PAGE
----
Our Latest Issue
You can find more issues here.
Senior Peter Haynes is surrounded by his teammates as the SM North district football stadium shakes with excitement. The roaring student section is overflowing into the parents’ seating, the band is blaring and the cheerleaders are smiling with excitement. It’s Friday night, and the Lancers are decked out in their new columbia blue uniforms. All of them except Haynes. Instead of pads and the columbia chrome helmet, he sports crutches under each arm and a rigid brace around his left leg.
Over the summer Haynes injured his meniscus during a summer workout, forcing him off the field and onto the sideline, coaching.
After previous meniscus injury, he was ready to start preparing for the next season at his summer workout. He hadn’t run in months.
“We were doing some start and stop drill where you make cuts, and I just cut wrong and felt a pop in my knee,” Haynes said.
At first Haynes stayed positive, hoping it was a hamstring injury or something not as severe as a meniscus tear, which was the same injury he has had two previous times in high school. After dreading the MRI results for days, he got his answer.
“I was still denying it, and when the doctor came in and told us it was torn was when it all became real in my head,” Haynes said. “I realized that I would probably never play again and that was a really crushing moment.”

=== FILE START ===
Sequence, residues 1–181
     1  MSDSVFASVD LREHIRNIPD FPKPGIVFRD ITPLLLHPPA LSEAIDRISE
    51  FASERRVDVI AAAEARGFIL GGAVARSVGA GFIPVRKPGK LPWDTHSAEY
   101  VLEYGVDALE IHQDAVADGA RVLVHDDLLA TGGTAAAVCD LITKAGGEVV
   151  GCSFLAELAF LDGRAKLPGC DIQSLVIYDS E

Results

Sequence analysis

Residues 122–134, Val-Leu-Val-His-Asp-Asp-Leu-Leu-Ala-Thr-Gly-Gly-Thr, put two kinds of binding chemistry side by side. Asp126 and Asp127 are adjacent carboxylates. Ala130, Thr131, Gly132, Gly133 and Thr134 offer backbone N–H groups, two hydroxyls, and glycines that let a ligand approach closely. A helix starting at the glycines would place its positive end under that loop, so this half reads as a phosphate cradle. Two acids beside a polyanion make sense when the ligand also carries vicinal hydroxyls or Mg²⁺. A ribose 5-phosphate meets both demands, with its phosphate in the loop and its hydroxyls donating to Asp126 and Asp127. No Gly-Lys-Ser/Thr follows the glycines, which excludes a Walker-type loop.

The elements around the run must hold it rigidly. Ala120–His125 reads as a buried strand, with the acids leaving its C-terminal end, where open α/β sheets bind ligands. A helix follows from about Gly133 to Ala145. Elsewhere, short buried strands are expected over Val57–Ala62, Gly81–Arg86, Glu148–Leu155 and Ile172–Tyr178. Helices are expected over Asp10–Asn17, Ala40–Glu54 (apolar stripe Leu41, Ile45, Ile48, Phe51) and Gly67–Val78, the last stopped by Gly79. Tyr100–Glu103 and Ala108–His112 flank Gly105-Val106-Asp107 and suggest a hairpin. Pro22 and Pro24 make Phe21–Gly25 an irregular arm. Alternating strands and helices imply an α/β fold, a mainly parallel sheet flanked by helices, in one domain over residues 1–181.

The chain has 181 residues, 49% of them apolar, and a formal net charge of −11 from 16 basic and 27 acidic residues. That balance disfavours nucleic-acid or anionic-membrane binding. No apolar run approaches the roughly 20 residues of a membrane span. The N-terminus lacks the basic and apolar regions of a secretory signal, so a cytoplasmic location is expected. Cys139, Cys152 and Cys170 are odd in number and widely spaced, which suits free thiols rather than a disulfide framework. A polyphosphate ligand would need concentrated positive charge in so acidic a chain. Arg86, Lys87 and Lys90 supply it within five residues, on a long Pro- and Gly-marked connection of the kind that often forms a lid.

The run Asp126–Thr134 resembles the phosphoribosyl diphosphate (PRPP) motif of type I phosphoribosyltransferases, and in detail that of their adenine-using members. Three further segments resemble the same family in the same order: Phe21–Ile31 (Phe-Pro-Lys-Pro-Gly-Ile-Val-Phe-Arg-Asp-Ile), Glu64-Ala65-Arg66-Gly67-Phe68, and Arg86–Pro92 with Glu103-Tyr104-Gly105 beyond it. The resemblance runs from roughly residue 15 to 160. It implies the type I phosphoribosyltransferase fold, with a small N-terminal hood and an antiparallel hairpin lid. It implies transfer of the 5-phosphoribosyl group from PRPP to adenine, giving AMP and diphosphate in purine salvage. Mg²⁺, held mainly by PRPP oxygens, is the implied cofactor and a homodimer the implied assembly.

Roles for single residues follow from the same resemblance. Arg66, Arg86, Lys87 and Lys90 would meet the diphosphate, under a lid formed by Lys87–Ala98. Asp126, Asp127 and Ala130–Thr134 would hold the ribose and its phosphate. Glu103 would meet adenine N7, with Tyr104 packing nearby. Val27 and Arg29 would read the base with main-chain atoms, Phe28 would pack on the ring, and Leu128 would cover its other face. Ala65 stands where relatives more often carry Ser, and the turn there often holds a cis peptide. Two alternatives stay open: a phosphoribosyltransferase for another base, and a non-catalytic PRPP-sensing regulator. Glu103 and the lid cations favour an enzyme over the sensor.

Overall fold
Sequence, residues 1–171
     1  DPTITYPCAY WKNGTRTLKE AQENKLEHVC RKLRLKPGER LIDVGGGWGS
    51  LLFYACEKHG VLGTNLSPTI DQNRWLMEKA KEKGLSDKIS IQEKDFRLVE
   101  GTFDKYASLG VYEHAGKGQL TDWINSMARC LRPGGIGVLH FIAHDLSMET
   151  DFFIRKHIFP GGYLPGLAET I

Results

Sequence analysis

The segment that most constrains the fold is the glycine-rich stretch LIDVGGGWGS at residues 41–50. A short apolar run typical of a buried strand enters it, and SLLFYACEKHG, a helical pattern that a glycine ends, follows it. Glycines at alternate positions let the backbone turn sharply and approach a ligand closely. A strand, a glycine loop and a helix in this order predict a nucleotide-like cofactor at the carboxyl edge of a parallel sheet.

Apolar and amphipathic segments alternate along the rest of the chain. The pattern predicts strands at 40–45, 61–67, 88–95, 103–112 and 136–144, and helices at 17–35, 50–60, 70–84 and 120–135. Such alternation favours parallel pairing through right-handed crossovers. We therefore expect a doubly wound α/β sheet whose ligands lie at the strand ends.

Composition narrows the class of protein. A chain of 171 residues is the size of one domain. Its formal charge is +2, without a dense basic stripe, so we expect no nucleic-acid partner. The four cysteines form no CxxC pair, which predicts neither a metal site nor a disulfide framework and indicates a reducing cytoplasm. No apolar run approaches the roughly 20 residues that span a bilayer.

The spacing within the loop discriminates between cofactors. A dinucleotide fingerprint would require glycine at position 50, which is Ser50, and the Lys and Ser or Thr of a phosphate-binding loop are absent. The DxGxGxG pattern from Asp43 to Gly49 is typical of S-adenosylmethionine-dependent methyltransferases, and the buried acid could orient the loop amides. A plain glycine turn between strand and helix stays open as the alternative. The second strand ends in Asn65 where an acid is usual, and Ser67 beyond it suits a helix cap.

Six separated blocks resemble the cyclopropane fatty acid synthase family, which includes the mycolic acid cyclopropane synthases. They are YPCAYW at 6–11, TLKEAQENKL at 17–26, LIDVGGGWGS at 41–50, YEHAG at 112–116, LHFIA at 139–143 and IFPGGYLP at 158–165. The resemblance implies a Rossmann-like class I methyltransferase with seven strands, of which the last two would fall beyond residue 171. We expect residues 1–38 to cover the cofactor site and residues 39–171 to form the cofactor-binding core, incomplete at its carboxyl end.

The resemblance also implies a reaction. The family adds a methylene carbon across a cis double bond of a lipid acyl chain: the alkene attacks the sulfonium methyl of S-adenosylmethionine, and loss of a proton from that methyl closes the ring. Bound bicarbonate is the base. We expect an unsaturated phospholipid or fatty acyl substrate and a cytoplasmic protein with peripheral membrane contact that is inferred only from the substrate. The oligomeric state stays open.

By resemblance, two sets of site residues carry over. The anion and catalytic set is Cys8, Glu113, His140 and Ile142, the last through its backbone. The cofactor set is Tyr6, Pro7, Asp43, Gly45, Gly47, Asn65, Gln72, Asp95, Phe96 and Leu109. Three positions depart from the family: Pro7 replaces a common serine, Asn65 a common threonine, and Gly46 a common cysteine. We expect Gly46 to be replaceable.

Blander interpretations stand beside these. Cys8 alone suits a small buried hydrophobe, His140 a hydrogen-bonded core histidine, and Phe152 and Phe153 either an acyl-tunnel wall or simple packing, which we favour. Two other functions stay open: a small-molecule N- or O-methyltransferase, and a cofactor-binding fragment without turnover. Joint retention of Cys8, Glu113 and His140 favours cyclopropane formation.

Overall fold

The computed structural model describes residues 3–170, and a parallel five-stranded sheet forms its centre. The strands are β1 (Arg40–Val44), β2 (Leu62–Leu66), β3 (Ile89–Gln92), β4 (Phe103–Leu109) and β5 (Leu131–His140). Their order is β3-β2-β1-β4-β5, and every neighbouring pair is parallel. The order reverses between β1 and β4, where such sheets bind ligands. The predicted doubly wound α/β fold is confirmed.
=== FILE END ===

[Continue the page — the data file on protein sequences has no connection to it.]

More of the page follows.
Head Coach Dustin Delaney called a meeting with Haynes after he heard the news that he wouldn’t be able to play his senior year.
“He is an integral part of the team and will still have a huge part in our success,” Delaney said. “He will help the guys that don’t know [what to do],” Delaney said.
Haynes is at practice everyday after school, just as if he were playing. He works mostly with the offensive line, especially the newest additions, seniors Steven Shipley and Charlie Kephart.
Standing on the sideline next to the coaches, he watches their footing and blocking, making sure they are doing everything right.
“Peter has done a good job and is staying a valuable member of the team,” Delaney said. “The kids all respect him, so when he says something they know what he is talking about. I think that’s the most important thing that he has everyone’s respect.”
Before being confined with a brace and standing on the sidelines, Haynes was the starting left tackle, which is considered the most important spot on the offensive line since it protects the quarterback’s blind spot. One of his earliest coaching assignments was prepping his replacement and friend since fourth grade, senior Steven Shipley, for the job.
“The first week was hard,” Shipley said. “My mid sticks weren’t the best and he came over to me and showed me what to do. He told me to try and get my hand on them first and now they are getting better.”
Injuries are not a new thing for Haynes. Last year, during the first football game of the year, he tore his right meniscus, forcing him to sit out three games. Later that spring, he tore it again, squatting at max outs trying to set a new record. The frequency of the tears is due to an overgrowth of meniscus in his knees, causing them to be more prone to tearing.
Despite not being able to play his senior year, Haynes still stays positive and encouraging with his team.
“My teammates don’t treat me any different from if I was playing,” Haynes said. “They still joke around, and it’s still that same feeling that I would have had if I were still playing.”